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Can Students 'Dance Dance' Their Way to a Fitness Revolution? Can Students 'Dance Dance' Their Way to a Fitness Revolution?

Can Students 'Dance Dance' Their Way to a Fitness Revolution?

by Liz Dwyer

April 22, 2012

Stroll through any arcade, and you’ll spot at least a few teenagers grooving to electronic beats on one of those Dance Dance Revolution consoles. A new partnership wants to take advantage of that DDR craze—which is more than a decade old and still going strong—to keep kids healthy.

Konami, the game company behind DDR, is teaming with prominent health and fitness organizations like First Lady Michelle Obama's Let's Move! campaign to launch the Dance Dance Revolution Classroom Edition, a school-appropriate version that will bring some energy to the battle against childhood obesity.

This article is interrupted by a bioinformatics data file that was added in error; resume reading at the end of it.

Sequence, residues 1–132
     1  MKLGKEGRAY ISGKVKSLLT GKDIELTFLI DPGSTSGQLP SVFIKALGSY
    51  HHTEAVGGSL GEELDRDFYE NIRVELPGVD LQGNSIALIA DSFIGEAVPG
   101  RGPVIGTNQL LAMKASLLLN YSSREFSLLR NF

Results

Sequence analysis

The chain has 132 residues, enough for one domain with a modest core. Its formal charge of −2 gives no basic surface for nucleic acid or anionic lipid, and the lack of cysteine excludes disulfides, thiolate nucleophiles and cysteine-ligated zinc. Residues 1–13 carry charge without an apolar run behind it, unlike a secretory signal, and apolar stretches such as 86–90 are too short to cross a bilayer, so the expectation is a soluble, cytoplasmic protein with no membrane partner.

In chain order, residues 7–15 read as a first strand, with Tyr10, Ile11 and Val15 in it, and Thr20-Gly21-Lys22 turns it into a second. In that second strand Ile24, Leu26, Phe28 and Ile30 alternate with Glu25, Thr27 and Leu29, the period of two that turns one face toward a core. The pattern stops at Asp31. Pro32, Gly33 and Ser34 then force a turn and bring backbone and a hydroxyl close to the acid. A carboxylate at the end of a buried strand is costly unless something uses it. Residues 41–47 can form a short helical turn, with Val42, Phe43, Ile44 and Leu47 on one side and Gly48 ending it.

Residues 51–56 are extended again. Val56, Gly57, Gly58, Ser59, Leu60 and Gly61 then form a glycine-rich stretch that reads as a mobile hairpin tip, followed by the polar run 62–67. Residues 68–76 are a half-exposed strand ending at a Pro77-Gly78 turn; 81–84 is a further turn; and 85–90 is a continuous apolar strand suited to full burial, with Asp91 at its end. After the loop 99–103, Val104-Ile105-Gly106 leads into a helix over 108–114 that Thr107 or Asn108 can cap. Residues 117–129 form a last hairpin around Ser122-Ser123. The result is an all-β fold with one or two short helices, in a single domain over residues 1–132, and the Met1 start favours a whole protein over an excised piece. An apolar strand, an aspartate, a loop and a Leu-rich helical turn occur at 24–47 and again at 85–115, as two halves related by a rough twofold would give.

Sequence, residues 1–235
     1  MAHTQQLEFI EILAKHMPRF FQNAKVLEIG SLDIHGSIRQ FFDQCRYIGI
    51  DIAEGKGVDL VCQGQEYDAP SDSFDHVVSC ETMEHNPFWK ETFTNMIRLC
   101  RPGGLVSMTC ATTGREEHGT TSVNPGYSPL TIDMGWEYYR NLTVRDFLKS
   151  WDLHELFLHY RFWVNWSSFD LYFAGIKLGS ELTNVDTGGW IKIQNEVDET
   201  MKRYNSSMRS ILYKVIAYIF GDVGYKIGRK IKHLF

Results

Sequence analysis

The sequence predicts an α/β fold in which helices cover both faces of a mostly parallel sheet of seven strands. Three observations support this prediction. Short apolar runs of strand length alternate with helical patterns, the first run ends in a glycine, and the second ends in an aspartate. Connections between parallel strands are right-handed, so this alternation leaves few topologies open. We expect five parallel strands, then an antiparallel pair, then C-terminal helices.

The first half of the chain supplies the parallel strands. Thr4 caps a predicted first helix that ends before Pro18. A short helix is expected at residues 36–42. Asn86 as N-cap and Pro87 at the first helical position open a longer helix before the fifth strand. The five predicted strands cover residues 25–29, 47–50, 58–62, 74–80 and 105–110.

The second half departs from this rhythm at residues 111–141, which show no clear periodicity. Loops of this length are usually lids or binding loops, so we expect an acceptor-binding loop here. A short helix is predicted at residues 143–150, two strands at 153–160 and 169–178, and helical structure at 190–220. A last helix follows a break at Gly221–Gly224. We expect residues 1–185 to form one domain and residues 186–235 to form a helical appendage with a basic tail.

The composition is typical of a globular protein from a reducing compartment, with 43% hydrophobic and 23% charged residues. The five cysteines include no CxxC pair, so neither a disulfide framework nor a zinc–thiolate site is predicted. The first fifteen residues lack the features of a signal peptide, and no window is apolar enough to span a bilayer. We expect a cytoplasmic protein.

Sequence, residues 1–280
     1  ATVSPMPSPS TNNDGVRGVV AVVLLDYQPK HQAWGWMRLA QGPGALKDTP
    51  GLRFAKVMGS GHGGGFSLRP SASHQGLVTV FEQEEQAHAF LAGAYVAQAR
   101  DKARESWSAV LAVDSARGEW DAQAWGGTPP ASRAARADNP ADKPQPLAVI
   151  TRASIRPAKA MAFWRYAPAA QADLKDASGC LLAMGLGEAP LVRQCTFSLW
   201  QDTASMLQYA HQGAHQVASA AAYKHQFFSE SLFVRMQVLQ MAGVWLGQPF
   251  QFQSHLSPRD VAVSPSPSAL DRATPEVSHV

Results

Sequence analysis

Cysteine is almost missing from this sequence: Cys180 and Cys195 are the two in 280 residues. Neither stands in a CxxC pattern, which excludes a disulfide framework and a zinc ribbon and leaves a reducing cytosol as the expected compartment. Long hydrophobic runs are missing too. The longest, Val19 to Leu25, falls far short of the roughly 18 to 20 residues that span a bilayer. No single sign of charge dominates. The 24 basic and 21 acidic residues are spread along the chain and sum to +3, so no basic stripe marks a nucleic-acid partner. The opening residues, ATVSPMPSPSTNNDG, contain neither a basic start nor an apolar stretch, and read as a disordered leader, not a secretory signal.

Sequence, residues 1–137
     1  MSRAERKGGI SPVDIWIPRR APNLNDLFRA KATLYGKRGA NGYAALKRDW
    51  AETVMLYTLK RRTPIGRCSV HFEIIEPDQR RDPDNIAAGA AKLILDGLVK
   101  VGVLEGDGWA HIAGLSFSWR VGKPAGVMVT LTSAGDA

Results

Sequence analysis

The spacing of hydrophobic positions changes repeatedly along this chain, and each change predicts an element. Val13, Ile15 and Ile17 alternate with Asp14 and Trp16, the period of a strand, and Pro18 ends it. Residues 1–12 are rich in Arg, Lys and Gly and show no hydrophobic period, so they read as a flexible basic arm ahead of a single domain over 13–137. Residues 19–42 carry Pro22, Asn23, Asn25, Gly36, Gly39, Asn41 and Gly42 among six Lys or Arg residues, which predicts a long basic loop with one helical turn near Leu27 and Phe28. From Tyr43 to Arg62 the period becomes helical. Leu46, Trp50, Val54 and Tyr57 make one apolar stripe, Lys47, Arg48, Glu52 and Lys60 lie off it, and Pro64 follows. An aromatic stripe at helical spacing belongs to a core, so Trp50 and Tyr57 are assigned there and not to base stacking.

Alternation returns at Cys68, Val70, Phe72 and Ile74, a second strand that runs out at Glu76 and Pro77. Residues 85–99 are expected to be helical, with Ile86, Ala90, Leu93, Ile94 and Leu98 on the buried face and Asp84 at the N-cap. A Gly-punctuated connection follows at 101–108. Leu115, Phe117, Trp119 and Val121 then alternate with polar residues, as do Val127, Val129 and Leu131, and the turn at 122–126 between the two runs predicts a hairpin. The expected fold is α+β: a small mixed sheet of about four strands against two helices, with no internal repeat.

Each classroom edition of the game will come with 48 wireless mat controllers that connect to a single computer. As the students dance, the teacher will receive data on fitness stats like how many calories each student is burning or the number of accurate steps they're taking. The students will be able to see their fitness levels improve over time.

The idea seems long overdue. Studies indicate that 40 minutes of playing DDR has the same health benefits as running a 5K race. Meanwhile, budget cuts have stripped many schools—particularly at the elementary level—of their physical education teachers. The plug-and-play nature of the game makes it easier for a non-specialist to supervise, and far more fun for kids than running laps for an hour.

The game's release comes after a series of successful pilot efforts since 2006. And if the lines at the arcade are any indication, DDR is likely to be a hit in the classroom, too.

Photo via Wikimedia Commons

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Can Students 'Dance Dance' Their Way to a Fitness Revolution?